Agreed, DoS is a big concern with any distributed voting system. That would be
easy enough to detect and measure, but the only available recovery is 
to re-run
the vote once the DoS has ended.

>  I can't see how this kind of carpet-bomb attack could in any 
> reliable way cause an election to swing.

But if your goal is facilitating the right to vote then whether a DoS could
reliably swing an election is irrelevant. A DoS could certainly deprive some
people of their opportunity to vote.

> >It is possible for the count program to appear to read the votes, 
> count them and produce a result when in fact it is producing a result 
> from some other means.
>
> Unlike the home PC, the count system can be strongly audited and 
> controlled.  The counting software can be kept very simple, short 
> etc, be published, audited, signed etc.

You have given some more good suggestions for reducing the risk and providing
some traceability at the count center, but you are still putting faith in a
black box. No matter how you cut it the count computer is a single point of
failure that cannot be effectively examined by the public. A manual vote in a
count center, for all its faults, is observed and understood by large numbers
of people. For a large-scale fraud to be perpetrated in the count center you
would need a large conspiracy.
For a similar large-scale fraud to be perpetrated on a count computer you need
on technically savvy person to replace just one piece of the 
programming on the
computer. The piece that shows the result. All of the other precautions you
mention can be left in place but they are useless if that one piece of the
puzzle is compromised.

> I think it might be measured by some random sampling of home PCs, the 
> use of PC's to trap "vote viruses" and other checks and balances on 
> the process.  Like any election we can only know at the end of the 
> process what the likelihood was of fraud.  No one can know in advance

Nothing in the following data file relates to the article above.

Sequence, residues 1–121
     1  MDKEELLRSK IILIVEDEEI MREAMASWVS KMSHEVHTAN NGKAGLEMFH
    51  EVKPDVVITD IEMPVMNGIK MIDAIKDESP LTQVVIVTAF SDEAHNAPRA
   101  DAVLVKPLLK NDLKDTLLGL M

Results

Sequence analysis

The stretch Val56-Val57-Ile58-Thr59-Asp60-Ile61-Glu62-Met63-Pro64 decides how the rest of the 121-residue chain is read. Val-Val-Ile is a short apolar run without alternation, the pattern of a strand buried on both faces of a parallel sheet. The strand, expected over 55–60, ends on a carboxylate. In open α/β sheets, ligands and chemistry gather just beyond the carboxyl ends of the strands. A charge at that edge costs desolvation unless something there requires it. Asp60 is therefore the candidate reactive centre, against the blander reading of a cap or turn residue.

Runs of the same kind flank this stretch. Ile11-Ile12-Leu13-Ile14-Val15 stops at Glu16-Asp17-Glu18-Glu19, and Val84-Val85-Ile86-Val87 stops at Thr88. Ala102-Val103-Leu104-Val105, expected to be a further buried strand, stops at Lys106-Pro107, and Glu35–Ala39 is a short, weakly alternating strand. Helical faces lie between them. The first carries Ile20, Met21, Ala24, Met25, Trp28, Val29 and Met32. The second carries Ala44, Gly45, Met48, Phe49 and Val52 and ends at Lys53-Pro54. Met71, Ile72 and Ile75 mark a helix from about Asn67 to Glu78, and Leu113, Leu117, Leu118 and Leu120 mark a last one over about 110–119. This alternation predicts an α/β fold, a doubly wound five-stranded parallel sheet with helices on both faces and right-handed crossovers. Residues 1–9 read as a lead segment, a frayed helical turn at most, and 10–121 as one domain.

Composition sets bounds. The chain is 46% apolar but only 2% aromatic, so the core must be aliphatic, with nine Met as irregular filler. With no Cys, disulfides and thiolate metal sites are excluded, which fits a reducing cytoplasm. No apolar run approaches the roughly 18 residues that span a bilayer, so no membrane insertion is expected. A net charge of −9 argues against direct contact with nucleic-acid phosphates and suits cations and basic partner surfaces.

> : ultimately is boils down to vigilance.

I can accept the vigilance argument over boxes and pieces of paper, but 
how can
I accept the vigilance argument over bits on the wire? You said yourself that
the vote from the back of my computer would be encrypted and unreadable 
without
a private key I do not have, so I cannot test that. You accept that 
rootkits are
possible and could affect my vote before it hits the wire, but by design I
cannot detect a rootkit. I cannot look at the source for the voting software,
even if I could I could not attach a debugger to the running process on my
machine to ensure the process is actually running the supplied source, 
and even
if I could I could not be sure the rootkit was not affecting my debugger.
... and those are things that a professional programmer might attempt, 
how would
anyone not trained in IT even begin to be vigilant?

Again this is down to the first question: how do I detect the problem?
'Vigilance' is not an answer.

> REV pilots are needed to quantify the risks.  They can't be shadow 
> polls or mock elections as the conditions and constraints are not the 
> same.   This is the way forward, we shouldn't just sit and wait for 
> some new super alien voting science to appear and then roll it out 
> for the masses.

Plan a pilot that shows how the risks will be detected, measured and 
recovered.

Include in the plan that the electorate is not qualified to be vigilant over a
computer network. Describe how to detect problems at each voter's computer
without relying on skills or knowledge not possesed by the average voter. Once
the problem is detected describe how to recover any lost or
incorrectly-recorded votes.
Include in the plan that a DoS might not swing the election but certainly can
disenfranchise voters. Describe how to recover from this problem.
Include in the plan that the count computer might be displaying a result other
than the result arrived from counting the votes. Describe how to detect this
problem without breaking secrecy by allowing independent counting.
Include in the plan how you are going to use random-sampling VVPB to do 
any more
than detect a problem. Once the problem is detected describe how you will
recover from it.

> I'm confident new voting channels can be used to enfranchise voters 
> without disproportionately (or better, significantly) affecting the 
> election outcome.
>
> Craig.

Brian.